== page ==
Habitual listeners of the Grateful Dead’s live recordings are known for their ability to identify the year of a performance by listening to just a few notes. But for even the most “dead”icated listener, the band’s 1976 New Year’s Eve concert presents a genuine challenge.
Rarely does any Dead show display the essence of several distinct periods of their sound, but this release contains the best elements of three or four clearly defined eras, and the sum of the parts adds up to one of the most interesting and inspired concerts of the band’s 30-year performing career. The Grateful Dead and Rhino Records ring in 2007 by turning back the clock 30 years to uncover the musical riches of this special performance with ‘Live at the Cow Palace, New Year’s Eve, 1976.’
The collection will be available January 23rd for the suggested price of $31.98. It is also available now for pre-order with exclusive incentives at www.dead.net.
Mixed from original 16-track master tapes, ‘Live at the Cow Palace’ contains all 22 songs played December 31, 1976, in pristine HDCD. The band’s line-up at the time featured Jerry Garcia on guitar and vocals, Mickey Hart and Bill Kreutzmann on drums, Phil Lesh on bass, Bob Weir on guitar and vocals, Keith Godchaux on keyboards and backup vocalist Donna Godchaux.
The concert takes flight in the first set with covers of Chuck Berry’s “Promised Land” and Merle Haggard’s “Mama Tried” coupled with Dead classics “Bertha,” “Deal” and “Playing In The Band.” After the countdown to midnight, the band kicked off the second set and two more hours of sublime music with “Sugar Magnolia” followed by a sustained 40-minute run of music that ranks up there as one of the best-played jams of 1976. Starting out with the new, faster, more powerful version of “Eyes Of The World,” the jam then slips into a beautiful “Wharf Rat.” Next up is only the third performance of “Good Lovin’” sung by Weir. As if this wasn’t enough, Weir then drives the band through a reggae-tinged beat that magically morphs into a remarkably smooth and funky version of “Samson & Delilah.”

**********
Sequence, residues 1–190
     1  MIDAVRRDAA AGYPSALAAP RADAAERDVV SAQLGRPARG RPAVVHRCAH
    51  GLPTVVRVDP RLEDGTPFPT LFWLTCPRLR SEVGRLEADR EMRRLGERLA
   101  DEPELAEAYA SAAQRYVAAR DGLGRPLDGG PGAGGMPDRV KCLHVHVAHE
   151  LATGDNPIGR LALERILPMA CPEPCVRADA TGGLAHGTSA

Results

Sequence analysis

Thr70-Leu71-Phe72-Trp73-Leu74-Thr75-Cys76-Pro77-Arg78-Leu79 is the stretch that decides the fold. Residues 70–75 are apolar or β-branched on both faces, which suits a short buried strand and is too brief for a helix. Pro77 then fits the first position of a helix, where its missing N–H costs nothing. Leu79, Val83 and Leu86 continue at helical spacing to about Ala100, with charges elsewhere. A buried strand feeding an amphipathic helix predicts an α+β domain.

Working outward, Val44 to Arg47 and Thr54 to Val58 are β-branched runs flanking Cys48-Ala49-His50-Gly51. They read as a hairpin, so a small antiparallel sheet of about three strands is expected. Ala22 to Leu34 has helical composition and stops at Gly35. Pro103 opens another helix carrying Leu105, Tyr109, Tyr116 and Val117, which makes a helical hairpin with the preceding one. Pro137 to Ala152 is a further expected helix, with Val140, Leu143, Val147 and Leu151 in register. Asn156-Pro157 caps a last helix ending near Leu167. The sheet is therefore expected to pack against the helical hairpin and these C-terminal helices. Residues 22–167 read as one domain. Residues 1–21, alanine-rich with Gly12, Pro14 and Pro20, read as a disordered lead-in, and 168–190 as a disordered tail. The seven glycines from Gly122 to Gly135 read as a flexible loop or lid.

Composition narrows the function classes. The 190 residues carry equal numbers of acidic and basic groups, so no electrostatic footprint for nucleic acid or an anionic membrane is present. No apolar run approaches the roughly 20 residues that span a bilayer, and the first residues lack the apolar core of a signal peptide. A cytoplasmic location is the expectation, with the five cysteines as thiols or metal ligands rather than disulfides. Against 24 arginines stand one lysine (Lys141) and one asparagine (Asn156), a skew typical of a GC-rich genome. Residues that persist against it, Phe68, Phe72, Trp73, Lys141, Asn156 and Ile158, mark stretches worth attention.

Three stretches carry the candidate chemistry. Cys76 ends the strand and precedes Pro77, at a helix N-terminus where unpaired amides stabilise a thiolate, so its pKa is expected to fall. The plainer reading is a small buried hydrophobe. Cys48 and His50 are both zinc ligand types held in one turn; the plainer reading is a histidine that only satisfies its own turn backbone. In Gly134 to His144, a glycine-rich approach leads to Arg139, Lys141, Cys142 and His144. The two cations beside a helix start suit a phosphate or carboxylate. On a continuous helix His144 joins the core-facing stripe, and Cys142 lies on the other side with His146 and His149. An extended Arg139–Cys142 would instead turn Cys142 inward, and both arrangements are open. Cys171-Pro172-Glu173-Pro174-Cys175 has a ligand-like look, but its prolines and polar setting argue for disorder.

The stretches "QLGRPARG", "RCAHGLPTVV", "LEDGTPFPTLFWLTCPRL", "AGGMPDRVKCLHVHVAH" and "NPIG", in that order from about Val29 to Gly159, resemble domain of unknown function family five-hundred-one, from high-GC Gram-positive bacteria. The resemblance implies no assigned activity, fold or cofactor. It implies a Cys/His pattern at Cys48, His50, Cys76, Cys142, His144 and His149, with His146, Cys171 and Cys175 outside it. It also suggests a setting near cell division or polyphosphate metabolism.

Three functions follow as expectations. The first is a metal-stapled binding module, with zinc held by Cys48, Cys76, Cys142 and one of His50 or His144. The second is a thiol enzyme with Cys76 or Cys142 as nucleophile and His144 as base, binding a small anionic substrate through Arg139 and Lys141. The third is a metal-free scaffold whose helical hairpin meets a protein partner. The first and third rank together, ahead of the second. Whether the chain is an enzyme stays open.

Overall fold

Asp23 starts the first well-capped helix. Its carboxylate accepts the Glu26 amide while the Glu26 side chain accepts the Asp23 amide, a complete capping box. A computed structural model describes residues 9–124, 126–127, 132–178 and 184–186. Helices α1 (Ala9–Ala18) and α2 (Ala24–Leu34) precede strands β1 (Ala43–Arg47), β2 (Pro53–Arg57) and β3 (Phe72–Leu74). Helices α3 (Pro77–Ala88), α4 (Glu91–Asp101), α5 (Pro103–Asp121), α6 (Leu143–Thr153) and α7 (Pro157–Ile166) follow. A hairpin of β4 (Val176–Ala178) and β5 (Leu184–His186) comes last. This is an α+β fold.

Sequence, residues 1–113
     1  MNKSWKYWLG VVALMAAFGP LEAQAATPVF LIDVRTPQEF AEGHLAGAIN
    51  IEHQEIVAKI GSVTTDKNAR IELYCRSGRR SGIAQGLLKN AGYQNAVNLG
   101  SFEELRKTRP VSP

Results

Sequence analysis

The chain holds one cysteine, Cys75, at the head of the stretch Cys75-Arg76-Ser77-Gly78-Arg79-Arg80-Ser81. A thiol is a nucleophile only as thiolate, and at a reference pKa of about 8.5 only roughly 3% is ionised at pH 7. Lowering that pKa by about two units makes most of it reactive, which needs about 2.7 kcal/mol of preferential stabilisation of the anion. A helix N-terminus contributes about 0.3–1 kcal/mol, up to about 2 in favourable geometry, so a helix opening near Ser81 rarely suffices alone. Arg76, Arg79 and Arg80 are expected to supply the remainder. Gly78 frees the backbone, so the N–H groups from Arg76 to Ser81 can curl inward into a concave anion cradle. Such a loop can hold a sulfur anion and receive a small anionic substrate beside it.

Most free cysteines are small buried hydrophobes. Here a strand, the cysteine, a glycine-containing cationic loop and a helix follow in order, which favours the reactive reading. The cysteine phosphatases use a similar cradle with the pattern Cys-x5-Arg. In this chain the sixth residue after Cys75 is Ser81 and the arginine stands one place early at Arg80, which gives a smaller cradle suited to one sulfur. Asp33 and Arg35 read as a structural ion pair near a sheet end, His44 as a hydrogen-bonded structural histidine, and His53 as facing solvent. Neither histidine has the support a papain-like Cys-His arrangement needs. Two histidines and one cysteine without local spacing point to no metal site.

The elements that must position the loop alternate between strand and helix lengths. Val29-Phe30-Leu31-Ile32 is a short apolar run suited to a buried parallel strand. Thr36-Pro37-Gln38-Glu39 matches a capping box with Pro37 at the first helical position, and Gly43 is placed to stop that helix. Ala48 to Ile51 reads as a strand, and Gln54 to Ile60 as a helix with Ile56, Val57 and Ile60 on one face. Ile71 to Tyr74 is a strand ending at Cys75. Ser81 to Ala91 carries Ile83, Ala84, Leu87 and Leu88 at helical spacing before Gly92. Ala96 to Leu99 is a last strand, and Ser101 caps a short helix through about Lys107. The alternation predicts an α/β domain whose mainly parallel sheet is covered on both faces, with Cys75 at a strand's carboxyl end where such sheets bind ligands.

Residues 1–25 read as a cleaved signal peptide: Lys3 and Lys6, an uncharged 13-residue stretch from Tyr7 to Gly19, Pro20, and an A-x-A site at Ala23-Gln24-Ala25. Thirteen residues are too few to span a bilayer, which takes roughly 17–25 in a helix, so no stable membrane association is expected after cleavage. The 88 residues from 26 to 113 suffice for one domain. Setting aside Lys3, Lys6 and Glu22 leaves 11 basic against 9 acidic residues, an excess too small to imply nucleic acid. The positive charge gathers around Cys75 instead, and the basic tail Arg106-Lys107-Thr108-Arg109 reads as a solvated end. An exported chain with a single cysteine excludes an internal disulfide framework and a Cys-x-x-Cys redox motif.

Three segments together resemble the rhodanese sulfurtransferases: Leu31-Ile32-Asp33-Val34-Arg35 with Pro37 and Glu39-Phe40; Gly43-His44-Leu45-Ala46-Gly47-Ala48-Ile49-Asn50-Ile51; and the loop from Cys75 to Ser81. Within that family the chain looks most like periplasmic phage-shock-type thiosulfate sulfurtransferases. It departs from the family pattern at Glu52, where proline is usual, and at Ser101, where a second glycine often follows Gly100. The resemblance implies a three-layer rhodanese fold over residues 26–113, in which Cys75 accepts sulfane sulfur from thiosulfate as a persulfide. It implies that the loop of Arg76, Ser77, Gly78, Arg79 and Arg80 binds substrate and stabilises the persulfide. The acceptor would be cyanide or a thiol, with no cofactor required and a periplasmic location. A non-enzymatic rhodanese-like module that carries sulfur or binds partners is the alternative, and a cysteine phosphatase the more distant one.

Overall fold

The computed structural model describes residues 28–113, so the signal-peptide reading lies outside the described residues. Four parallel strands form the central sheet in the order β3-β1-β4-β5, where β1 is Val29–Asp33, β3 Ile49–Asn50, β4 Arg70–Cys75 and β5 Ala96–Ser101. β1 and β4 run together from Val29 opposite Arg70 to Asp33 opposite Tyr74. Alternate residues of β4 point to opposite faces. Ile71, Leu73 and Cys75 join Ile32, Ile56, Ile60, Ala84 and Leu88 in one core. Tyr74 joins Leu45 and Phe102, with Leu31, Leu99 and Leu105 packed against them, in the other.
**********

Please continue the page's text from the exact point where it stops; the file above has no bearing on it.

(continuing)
After a note-perfect “Not Fade Away,” the band ends the massive second set with one of the longest and most emotionally draining versions of “Morning Dew” ever performed. This rendition is at the very top of many Dead Heads’ favorite “Dew” lists. A three-song encore ends the night, capping one of the most intriguing evenings of Grateful Dead music recorded, one that bridges the gap between the exploratory jazz of 1973–1974 and the orchestrated perfection of 1977.
The deluxe packaging features rare photos and extensive liner notes from Glenn Lambert, one of the DJs covering the show’s original live broadcast on KSAN.